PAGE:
Phoenix has reported its prevention £26m of pension fraud to date, with almost £2m worth blocked since pension freedoms were introduced in April.
The UK’s largest specialist consolidator of closed life funds identified 1,650 suspicious companies or schemes which it believes are involved in scams.
It also claimed to have prevented 1,200 people from losing their money and warned that the focus of scammers has shifted towards self-invested pension schemes and ‘boiler room’ style investments.
Many of the new schemes have been set up to directly promote unregulated investments to consumers looking to take advantage of pension freedoms.
Since the reforms, Phoenix said it has prevented 125 cases totalling £1.8m in potential customer losses.
Despite the publicity and warnings, consumers are still taking risks with their savings, with research recently commissioned by Phoenix finding that nearly two in five (39 per cent) people who were contacted about a ‘pension review’ either acted on it or considered doing so.
Savers are also prepared to consider high risk investment strategies to attempt to boost returns on their savings, with almost a quarter (23 per cent) looking at investing in property, one in 10 considering ethical investments such as tree plantations and a further one in 10 contemplating alternative investments such as storage units, oil and gas well and airport car park spaces – all schemes where fraudsters have been known to lurk in the past.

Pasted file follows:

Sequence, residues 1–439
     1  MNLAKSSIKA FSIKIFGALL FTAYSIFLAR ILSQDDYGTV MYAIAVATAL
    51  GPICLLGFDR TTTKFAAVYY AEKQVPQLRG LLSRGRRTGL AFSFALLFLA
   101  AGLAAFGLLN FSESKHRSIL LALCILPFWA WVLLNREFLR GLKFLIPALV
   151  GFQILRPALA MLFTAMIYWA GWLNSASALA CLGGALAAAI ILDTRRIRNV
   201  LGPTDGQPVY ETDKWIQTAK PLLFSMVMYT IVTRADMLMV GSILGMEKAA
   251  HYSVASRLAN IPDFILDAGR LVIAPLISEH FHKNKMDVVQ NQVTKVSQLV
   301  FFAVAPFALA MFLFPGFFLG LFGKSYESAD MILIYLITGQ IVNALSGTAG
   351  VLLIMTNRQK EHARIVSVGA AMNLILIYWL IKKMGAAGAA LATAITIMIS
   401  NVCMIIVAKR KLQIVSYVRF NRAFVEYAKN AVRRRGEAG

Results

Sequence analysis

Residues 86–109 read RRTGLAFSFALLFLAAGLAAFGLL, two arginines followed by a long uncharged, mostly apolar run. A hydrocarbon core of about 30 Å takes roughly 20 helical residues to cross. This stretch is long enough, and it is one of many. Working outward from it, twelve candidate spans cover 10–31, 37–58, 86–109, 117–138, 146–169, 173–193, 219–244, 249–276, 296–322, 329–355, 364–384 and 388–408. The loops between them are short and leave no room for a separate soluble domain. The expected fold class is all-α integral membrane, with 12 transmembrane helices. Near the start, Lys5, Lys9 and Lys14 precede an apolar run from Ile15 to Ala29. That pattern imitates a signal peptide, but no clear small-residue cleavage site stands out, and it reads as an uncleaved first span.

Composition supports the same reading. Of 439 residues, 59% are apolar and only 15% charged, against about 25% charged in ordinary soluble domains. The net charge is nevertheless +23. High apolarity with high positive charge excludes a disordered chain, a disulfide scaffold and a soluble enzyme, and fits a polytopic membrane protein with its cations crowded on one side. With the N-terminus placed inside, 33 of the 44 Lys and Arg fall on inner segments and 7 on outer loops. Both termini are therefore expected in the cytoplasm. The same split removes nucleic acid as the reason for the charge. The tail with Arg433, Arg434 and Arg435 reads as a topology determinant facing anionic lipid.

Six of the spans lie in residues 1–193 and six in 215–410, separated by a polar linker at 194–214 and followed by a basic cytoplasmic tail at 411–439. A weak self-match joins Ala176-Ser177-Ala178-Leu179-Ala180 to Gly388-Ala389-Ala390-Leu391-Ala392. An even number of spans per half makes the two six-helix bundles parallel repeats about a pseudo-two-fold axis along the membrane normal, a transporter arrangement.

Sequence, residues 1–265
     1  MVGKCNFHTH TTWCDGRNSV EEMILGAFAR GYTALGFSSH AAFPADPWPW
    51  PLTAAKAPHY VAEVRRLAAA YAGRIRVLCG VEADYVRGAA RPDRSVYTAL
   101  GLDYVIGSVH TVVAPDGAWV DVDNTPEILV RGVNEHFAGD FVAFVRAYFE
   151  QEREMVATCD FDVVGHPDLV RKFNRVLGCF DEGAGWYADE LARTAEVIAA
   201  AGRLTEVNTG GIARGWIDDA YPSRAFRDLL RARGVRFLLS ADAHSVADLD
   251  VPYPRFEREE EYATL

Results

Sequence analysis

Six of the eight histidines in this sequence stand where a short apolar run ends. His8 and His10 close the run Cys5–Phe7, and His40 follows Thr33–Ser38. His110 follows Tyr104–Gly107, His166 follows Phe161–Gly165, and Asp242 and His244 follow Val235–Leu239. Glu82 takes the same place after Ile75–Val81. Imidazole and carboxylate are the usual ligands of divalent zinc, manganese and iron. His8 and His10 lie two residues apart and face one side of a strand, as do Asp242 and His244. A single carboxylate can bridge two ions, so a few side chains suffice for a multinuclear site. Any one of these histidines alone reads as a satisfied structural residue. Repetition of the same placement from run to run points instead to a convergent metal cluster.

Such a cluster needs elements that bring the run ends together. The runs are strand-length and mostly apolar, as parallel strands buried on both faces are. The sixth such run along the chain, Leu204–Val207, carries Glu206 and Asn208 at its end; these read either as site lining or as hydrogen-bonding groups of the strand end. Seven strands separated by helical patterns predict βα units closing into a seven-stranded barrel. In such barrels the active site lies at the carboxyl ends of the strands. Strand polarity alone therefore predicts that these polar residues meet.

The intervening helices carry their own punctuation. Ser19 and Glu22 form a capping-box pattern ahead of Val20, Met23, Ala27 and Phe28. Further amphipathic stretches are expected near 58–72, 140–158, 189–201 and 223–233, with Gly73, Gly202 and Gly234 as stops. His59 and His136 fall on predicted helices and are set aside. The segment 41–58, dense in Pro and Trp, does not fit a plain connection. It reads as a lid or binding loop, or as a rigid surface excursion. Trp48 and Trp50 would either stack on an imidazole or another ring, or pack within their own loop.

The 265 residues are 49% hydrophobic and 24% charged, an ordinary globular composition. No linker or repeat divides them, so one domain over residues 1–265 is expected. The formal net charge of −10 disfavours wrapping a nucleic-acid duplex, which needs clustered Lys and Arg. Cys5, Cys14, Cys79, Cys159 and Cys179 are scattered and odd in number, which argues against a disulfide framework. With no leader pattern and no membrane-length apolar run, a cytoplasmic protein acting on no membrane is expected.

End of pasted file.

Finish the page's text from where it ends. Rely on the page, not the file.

When deciding where to invest, only half check that the companies they are using are registered with either the Financial Conduct Authority or on Companies House.
Of the cases Phoenix analysed, 48 per cent per cent on hold at Phoenix are to suspicious Ssas or Sipp schemes, 33 per cent to suspicious overseas pension schemes and 19 per cent to suspicious defined contribution occupational schemes.
While it has seen scammers try to get their hands on pots of over £100,000 in value, Phoenix is most commonly protecting customers with pots of under £12,000 from being defrauded.
Parminder Dhothar, intelligence and investigations manager for Phoenix Group, said: “Consumers need greater education on the risks of fraud – especially those taking cash and reinvesting the funds, as it is more difficult for providers to prevent them from being victims.
“Many people are not aware of where to get advice to help them make the right investment decisions and, with only with only one in 10 people opting to speak to an independent financial adviser, it is even more important to raise awareness of the issue and ensure consumers are adequately protected.”
Phoenix’s report on encountering pension scammers comes after The Pensions Regulator published details of its investigation into a suspected multi-million pound scam case.
The watchdog’s report detailed how three individual trustees - Alan Barratt, Susan Dalton and Julian Hanson - acting on third party instruction from David Austin, were deemed by the regulator to have misappropriated scheme funds and exercised poor trustee governance.